Investment update - November 2021
The past month was characterised by renewed COVID-19 concerns amid a fourth wave of outbreaks in Europe and the emergence of the new Omicron strain of the virus, escalating geopolitical concerns between NATO and Russia, and a sharp about-turn in language from the US Federal Reserve about the persistence of recent elevated inflation.
Confirmed COVID-19 deaths now exceed 5.3 million globally, and daily case counts are at record highs in Europe. While fears of the new Omicron strain rattled markets in late November, there remains uncertainty around the strain’s severity, transmissibility, and the efficacy of currently used vaccines. Regardless, its emergence has prompted fresh border closures and social distancing restrictions in several countries as a precaution.
The United Nation’s Climate Change Conference, more commonly known as ‘COP26’, was held in Glasgow in early November. The summit resulted in the Glasgow Climate Pact – the first climate pact to explicitly commit to reducing coal use, which also encouraged urgency in emissions cuts and finance for developing nations to address climate change. Over 140 countries representing 90% of global GDP also pledged to reach net-zero emissions, while over 100 countries agreed to reverse deforestation by 2030. Nonetheless, the final terms were considered weak overall, with China and India tempering measures to end coal power and fossil fuel subsidies.
The new Omicron strain and potential policy responses due to inflationary pressures weighed on risk assets, leading to both global and local equities to post negative returns for the month. While short-dated yields remain elevated, long-dated yields fell as markets retraced from recent peaks, benefitting fixed interest returns. Global commodity prices declined amid potential weaker demand due to Omicron uncertainty and slowing Chinese demand.
While data for the Australian economy was ostensibly subdued, upside surprises suggest the economy is well-placed to recover following recent easing in lockdown restrictions. Third quarter GDP contracted 1.9% – the third largest quarterly drop in history – but beat market forecasts and saw improving household disposable income and savings. October jobs data similarly recorded an adverse shift in the unemployment rate, which increased 0.6% to 5.2% (the highest since April 2021) and involved the net loss of 50,000 jobs across the domestic economy. However, the job losses were lower than consensus, while the unemployment rate followed an uptick in the participation rate as more workers returned to the workforce as lockdown restrictions were lifted. The overall optimistic economic outlook has led to markets pricing in four RBA rate hikes by the end of 2022 – considerably more hawkish than the RBA’s own forecasts.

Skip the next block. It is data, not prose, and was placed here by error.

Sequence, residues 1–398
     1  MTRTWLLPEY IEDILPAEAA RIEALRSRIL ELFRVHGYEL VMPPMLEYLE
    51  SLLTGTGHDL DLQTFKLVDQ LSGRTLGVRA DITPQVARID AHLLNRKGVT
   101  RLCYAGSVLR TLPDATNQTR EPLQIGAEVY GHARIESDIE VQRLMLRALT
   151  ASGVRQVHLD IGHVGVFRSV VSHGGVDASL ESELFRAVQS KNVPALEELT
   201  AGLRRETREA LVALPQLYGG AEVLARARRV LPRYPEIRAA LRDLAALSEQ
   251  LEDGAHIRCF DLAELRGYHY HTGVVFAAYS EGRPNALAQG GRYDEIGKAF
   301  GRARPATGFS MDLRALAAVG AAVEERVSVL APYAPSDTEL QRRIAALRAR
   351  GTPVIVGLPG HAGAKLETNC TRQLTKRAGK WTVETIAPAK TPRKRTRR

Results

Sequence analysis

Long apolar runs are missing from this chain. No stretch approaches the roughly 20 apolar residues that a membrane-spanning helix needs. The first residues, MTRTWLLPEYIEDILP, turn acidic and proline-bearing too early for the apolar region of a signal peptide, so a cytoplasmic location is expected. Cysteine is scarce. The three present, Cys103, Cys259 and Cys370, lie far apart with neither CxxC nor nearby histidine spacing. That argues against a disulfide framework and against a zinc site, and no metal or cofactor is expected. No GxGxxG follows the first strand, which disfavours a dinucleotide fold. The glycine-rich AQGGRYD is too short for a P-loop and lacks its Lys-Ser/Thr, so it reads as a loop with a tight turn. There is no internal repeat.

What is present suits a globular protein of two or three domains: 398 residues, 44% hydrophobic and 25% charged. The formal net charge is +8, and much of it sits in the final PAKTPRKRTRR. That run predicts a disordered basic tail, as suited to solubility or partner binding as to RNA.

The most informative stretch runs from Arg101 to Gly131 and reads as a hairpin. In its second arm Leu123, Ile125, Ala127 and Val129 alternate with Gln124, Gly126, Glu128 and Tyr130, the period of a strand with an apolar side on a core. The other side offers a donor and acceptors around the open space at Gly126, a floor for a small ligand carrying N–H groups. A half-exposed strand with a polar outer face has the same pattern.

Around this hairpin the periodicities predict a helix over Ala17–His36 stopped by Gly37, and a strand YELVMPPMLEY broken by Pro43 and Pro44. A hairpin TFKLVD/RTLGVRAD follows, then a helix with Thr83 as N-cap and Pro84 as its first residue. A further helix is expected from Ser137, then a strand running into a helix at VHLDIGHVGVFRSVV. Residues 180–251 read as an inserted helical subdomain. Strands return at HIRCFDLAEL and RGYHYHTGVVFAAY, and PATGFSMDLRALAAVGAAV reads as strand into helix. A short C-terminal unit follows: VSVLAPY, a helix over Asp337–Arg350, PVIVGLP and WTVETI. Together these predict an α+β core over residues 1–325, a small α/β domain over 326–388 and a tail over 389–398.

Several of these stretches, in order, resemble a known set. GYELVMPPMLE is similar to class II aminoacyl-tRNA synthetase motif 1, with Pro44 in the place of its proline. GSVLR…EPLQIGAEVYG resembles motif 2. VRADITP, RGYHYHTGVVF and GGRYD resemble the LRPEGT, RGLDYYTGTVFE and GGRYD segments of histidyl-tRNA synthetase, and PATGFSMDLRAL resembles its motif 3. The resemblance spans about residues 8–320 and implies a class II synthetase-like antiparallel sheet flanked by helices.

In the US, President Biden succeeded in garnering enough bipartisan support for the passage of his flagship US$1.2 trillion infrastructure bill into law. The bill includes over US$500 billion in spending on airports, broadband networks and roads. President Biden also renominated Jay Powell for a second term as Chair of the US Federal Reserve, naming the other major contender for the role, the more dovish Lael Brainard, as Vice-Chair.
There was a notable tilt in policy signalling from Powell, who noted in late November that the term ‘transitory’ inflation may be worth retiring from the central bank’s usage, conceding that inflationary pressures had grown more persistent, and that the Fed had been behind the curve in containing inflation. Markets now expect a hastened reduction in quantitative easing, setting the scene for a possible start to the Fed’s next hiking cycle in mid-2022.
US jobs and inflation data remained strong, with headline CPI rising by an annual 6.2% – the fastest annual rate since 1990. While non-farm payrolls increased by less than expected, unemployment fell sharply, falling 0.4% to 4.2%.
In China, manufacturing activity unexpectedly picked up, while the People’s Bank of China cut its reserve requirement ratio to help stimulate the local economy. That said, it appears property developer giant Evergrande is unable to be rescued, with intervention by authorities unable to avert default.
European sentiment indicators weakened over the month as a fourth wave of COVID-19 hit the region, triggering fresh restrictions, especially for the unvaccinated. Energy prices also continued to soar amid tensions with major supplier nation Russia, particularly following the withholding of certification for the Nord Stream 2 pipeline and concerns of looming Russian military intervention in Ukraine. Rising energy prices worked in tandem with supply chain issues to push the latest eurozone inflation print to an annual rate of 4.9% – a record high since the introduction of the euro.